• They can't abide my selfishness. They call me selfish--this is the term that comes up most often--as if it's inherently obvious why this is bad. More than bad--it's an insult. I'm supposed to feel chastised because they've called me selfish. But of course I'm selfish! Contraception and abortion and having children are all selfish decisions--they are decisions we made and make because they affect the quality of our own lives, and the directions we want our lives to take. Getting an education is a selfish decision, driving a car--selfish, trying to pay as little tax as possible--selfish, having a blog in which we share all our inner thoughts--most assuredly selfish.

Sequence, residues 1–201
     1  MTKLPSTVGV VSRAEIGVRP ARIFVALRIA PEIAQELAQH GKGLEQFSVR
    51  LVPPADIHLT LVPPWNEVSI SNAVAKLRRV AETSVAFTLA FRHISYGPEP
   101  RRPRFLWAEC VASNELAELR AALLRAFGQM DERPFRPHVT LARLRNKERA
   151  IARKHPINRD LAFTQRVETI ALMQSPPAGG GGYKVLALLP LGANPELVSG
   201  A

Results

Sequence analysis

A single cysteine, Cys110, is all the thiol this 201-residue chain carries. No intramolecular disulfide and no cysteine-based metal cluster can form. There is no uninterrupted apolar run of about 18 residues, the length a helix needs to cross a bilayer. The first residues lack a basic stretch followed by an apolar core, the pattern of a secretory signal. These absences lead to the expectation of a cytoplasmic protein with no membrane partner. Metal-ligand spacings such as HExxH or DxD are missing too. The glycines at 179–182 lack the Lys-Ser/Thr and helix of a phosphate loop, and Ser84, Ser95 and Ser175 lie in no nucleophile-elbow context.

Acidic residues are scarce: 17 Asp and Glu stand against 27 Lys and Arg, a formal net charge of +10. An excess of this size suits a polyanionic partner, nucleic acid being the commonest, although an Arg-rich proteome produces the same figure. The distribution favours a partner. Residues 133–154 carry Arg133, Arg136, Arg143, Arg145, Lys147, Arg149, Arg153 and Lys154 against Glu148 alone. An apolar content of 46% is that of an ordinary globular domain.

Okay, that's all I've got for now.


Feminism 101

Well, the fallout from Alison's abortion article continues. I try not to look at what people are saying, but just like when a person plays "see food" or there's some particularly grizzly roadkill, i can't help but look: It's just too compelling.

Mostly I look just to feel superior, although every once in a while someone will say something helpful or thoughtful. Mostly, however, it's the usual suspects of God and his special needles just for us, hell's a-waitin', Alison is a monster, and the new but wildly creative Walter has no balls.